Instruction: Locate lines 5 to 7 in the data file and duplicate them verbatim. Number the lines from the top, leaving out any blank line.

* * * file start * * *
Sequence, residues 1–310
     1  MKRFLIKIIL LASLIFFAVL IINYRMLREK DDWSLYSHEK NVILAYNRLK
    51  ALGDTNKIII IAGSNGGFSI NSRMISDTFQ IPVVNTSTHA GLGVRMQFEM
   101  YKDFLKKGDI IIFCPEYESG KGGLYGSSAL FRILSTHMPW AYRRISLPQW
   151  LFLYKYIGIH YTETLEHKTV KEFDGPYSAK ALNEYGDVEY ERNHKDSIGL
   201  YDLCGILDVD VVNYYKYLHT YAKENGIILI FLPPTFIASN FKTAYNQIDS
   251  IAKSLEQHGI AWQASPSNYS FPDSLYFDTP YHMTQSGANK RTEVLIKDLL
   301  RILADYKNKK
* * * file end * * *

   151  LFLYKYIGIH YTETLEHKTV KEFDGPYSAK ALNEYGDVEY ERNHKDSIGL
   201  YDLCGILDVD VVNYYKYLHT YAKENGIILI FLPPTFIASN FKTAYNQIDS
   251  IAKSLEQHGI AWQASPSNYS FPDSLYFDTP YHMTQSGANK RTEVLIKDLL